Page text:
“Have the courage, and the dignity, to stand up and speak out,” Emily Lau told Global News Ottawa Bureau Chief Mercedes Stephenson on Sunday’s episode of The West Block. “(If) there is one thing that China looks down on, (it’s) people who are too timid.”
Lau, who is also a prominent human rights activist, directed her comments specifically at Trudeau and said he needed to speak out against China’s abuses because China will laugh at nations who are too timid to take them on.
Over the last six months, Hong Kong has seen waves of often violent pro-democracy protests that have debilitated the special administrative region within China. The catalyst was a proposed bill that would allow suspected criminals to be extradited to mainland China — a law that Hong Kong residents feared, if passed, would allow China to quash any dissent in the autonomous region.
After weeks of protests, Hong Kong’s leader Carrie Lam announced the bill was dead, but it would take until September before the legislation was formally withdrawn.
By then, Lau said the protests broadened into a resistance movement against the territory’s government and Beijing, populated with demands for democratic elections.
“I certainly hope that the international community would just keep up expressing concern, urging China to exercise restraint because there’s concern that they would use the People’s Liberation Army to quell the unrest,” said Lau, who added that the less the international community speaks out against China, the less compelled the Chinese government would feel to enact democratic change.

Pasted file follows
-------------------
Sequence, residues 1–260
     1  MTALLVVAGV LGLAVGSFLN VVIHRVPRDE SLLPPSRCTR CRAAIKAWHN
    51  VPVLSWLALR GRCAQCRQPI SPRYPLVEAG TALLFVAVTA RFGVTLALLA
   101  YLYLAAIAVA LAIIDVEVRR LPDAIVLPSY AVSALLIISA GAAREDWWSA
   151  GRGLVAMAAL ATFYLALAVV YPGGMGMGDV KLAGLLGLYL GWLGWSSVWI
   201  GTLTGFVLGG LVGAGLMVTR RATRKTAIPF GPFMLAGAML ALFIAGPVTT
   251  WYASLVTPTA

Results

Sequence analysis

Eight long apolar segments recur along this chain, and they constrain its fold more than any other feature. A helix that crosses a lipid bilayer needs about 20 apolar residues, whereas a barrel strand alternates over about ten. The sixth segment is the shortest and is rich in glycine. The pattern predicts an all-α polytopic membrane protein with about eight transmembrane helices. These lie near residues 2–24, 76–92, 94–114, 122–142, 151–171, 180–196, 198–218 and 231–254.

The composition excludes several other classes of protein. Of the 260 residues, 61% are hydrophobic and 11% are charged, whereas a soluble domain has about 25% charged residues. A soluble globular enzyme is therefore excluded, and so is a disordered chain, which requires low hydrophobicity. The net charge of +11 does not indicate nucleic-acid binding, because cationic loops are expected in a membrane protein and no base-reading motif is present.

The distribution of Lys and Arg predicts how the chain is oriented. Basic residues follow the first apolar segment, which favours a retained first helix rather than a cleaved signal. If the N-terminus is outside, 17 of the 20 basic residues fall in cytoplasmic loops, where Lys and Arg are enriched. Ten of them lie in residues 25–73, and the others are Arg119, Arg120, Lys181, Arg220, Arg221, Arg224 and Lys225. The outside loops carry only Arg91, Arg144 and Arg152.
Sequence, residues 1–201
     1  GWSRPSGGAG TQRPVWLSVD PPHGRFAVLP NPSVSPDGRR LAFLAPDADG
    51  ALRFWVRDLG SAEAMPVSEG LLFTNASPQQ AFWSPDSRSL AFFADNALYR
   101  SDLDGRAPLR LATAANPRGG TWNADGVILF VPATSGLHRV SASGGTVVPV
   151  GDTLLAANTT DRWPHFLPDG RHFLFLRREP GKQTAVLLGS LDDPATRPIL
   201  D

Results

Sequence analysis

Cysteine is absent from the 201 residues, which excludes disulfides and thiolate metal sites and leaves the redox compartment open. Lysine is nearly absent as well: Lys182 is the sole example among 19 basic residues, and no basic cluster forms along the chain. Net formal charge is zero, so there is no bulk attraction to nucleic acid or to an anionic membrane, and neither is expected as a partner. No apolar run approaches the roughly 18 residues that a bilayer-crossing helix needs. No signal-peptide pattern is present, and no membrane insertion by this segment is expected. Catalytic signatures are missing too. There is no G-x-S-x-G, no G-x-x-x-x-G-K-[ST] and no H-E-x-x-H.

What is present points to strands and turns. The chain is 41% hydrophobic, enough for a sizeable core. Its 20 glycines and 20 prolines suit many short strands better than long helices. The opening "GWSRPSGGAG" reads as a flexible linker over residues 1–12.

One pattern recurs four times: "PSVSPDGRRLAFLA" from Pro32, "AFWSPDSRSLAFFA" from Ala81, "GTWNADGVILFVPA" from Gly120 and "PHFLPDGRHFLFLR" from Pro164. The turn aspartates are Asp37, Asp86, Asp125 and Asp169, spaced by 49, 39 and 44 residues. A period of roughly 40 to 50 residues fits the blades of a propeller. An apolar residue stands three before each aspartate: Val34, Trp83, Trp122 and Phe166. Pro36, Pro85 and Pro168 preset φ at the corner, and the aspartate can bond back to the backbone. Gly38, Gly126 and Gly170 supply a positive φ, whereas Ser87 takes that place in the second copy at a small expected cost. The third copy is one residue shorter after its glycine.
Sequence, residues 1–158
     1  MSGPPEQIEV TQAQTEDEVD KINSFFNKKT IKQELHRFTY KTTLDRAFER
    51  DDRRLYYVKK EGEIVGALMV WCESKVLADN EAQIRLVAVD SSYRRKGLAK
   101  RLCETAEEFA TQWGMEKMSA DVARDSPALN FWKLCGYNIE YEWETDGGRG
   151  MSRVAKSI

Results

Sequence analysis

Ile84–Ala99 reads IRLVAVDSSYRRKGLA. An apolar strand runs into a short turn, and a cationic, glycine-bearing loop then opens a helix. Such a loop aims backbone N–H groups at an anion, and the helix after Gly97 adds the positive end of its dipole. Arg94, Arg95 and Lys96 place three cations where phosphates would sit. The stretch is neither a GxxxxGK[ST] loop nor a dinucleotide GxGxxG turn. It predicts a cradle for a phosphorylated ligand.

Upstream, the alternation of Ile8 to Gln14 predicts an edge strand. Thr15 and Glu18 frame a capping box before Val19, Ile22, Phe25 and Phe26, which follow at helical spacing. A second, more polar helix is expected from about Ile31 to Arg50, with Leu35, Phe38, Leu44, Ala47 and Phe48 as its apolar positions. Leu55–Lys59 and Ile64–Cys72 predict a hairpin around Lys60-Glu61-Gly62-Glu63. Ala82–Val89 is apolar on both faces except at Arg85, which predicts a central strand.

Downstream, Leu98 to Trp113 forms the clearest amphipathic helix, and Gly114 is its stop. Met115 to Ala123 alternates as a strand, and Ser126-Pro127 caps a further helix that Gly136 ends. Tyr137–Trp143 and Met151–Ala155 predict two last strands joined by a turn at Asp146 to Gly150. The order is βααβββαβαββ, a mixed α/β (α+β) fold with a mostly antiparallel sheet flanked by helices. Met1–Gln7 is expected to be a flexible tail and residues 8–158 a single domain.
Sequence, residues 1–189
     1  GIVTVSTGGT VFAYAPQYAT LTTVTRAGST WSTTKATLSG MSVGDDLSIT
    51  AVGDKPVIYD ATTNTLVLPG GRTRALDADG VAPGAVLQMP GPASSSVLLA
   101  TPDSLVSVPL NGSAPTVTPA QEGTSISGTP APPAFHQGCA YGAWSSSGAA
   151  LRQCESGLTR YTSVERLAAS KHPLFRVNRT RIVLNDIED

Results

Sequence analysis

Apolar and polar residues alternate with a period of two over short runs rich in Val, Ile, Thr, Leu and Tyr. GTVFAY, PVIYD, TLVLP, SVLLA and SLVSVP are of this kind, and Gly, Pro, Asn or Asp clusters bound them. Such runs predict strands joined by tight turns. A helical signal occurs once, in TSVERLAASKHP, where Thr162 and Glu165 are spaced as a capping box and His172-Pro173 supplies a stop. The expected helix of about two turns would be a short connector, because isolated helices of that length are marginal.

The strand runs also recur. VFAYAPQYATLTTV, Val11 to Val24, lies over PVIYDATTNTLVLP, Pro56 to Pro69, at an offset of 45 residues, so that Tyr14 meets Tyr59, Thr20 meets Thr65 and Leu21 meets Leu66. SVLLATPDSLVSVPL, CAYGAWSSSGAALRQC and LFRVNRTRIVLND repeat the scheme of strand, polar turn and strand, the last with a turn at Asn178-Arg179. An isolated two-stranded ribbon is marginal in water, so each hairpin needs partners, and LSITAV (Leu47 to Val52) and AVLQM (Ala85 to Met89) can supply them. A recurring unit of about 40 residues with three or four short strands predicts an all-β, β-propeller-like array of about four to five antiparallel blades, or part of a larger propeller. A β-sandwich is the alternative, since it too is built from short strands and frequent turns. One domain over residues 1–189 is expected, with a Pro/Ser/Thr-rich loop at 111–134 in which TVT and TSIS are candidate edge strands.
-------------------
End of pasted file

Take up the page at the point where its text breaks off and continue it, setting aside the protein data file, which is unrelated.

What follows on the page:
Canada’s relationship with China has also been strained over the arrest of Huawei executive Meng Wanzhou last December. China’s subsequent detention of two Canadians, businessman Michael Spavor and former diplomat Michael Kovrig, was widely interpreted as retaliation.
Hong Kong protests threaten Canadian businesses
In August, Trudeau told reporters at the Montreal Council on Foreign Relations event that Canada would not back down in its defence of Canadians, following months of criticism from the Chinese government for refusing to release Meng.
“As a global community, we must recognize that China is a growing power and increasingly assertive towards its place in the international order,” Trudeau said. “But make no mistake: we will always defend Canadians and Canadian interests.”
But since Meng’s arrest, Canada has yet to take a harder line with China in the wake of Spavor and Kovrig’s detentions and China’s slapping of import controls on Canadian pork, beef and canola.
Lau also took aim at China’s ambassador to Canada, Cong Peiwu, who denounced a U.S. legislation aimed at sanctioning Chinese and Hong Kong officials who abuse human rights on Friday.
Peiwu urged Canada to take a different action than the U.S., while also calling on Canadians to speak out against the “violent criminals” protesting in Hong Kong.
“This is your sovereignty. This is your Parliament. If you want to enact such legislation, it’s up to you,” said Lau. “If you are intimidated, not only China will look down on you, even your own people, your allies will look down on you because you have no courage.”
Lau, who accepted a public service award from the organizers of the Halifax International Security Forum on Saturday on behalf of the people of Hong Kong, said it takes a lot of strength to act with courage, urging Trudeau to be confident in his leadership.
“Like everything in life, whether it’s for a prime minister or for an individual, whatever you say or do, there may be consequences,” she said. “Have the courage to say ‘yes, I will say this on behalf of my people and I’m prepared to take the consequences.’”
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